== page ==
Learning to Hunt at any Age

Used by permission of Kalkomey Enterprises

You can learn to hunt at any age and the best place to start is with a hunter education course through CDFW (Photo courtesy of Kalkomey Enterprises)

Question: Most hunters that I know learned in their youth. I am an adult male who has never hunted but would like to learn. Are there classes or programs for adult males to learn? If so, can you please give me some information as to how an old guy like me can get started hunting? (Edward H.)

Answer: Yes, and an excellent first step is to take a hunter education course. This course is required to get a hunting license in California and provides good entry level instruction about firearms safety, first aid, wildlife management, etc. For more information and to find an upcoming class in your area, please go to: http://www.wildlife.ca.gov/Hunter-Education.

After you’ve taken the entry level hunter education class, you might consider taking some of the Advanced Hunter Education classes offered by the California Department of Fish and Wildlife (CDFW) throughout the state. These include wild pig seminars, waterfowl seminars, wild turkey seminars, etc. and can be found on the CDFW website at http://www.wildlife.ca.gov/Hunter-Education/Advanced.

I also encourage you to check around for local sportsmen’s clubs in your area. Most communities have them and many are associated with a gun range. This would be another location to learn a great deal about firearms and to discuss hunting with experienced people.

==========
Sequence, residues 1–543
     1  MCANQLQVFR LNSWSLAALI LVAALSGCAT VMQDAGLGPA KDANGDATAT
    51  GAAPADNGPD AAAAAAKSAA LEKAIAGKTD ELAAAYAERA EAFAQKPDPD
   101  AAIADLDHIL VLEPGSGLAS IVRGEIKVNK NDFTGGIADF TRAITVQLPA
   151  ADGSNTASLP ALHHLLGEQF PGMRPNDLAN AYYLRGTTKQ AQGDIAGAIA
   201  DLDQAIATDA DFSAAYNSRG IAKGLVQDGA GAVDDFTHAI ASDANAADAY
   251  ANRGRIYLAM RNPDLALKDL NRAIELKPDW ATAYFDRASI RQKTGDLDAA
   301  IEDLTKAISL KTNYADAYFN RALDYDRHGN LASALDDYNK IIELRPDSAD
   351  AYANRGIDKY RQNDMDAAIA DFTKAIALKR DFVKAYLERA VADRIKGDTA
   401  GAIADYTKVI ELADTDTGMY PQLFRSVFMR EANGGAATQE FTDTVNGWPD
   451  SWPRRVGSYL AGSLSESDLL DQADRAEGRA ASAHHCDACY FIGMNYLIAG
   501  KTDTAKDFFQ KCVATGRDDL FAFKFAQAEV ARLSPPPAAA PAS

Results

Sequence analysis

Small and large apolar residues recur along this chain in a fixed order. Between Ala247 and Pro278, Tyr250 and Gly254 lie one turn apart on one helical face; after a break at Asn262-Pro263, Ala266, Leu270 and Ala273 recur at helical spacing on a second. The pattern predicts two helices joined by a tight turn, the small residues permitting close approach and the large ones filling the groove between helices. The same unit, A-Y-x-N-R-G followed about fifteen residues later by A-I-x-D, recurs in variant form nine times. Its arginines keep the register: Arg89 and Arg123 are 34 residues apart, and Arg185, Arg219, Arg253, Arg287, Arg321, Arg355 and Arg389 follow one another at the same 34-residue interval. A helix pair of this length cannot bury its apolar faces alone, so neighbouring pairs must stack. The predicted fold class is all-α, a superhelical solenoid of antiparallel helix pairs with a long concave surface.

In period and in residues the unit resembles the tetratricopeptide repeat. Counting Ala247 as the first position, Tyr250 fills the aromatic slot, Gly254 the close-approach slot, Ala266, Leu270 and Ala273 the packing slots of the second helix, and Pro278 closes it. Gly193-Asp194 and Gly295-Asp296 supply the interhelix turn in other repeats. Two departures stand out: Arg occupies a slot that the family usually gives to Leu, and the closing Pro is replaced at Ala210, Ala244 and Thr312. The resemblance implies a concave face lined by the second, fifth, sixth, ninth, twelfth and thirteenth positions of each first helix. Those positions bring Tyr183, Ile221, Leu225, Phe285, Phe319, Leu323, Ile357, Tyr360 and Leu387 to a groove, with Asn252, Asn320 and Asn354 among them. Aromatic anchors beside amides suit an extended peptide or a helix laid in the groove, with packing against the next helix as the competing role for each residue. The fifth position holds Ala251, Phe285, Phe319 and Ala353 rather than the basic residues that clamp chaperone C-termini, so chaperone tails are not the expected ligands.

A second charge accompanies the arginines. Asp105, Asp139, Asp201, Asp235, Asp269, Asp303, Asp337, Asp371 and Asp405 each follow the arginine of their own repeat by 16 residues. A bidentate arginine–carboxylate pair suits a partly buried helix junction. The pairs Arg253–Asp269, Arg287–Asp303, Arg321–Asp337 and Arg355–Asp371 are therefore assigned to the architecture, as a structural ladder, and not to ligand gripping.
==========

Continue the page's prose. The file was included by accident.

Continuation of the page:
And finally, there are lots of books and magazines available that provide many resources about hunting, and the Internet is also full of information that may help (e.g. http://www.nssf.com/hunting/getstarted/). Just remember, you’re never too old to learn how to hunt and there are lots of resources available to help you. Good luck!


When is the best time to go clamming?
Question: When is the best season to enjoy clamming? (Julie S.)

Answer: There really is no best season for clamming. Generally, any really low tide during daytime hours with minimal surf and decent weather is a good time. There are specific seasons for taking of Pismo clams and razor clams in specific areas, so please check the regulations before venturing out for these clams.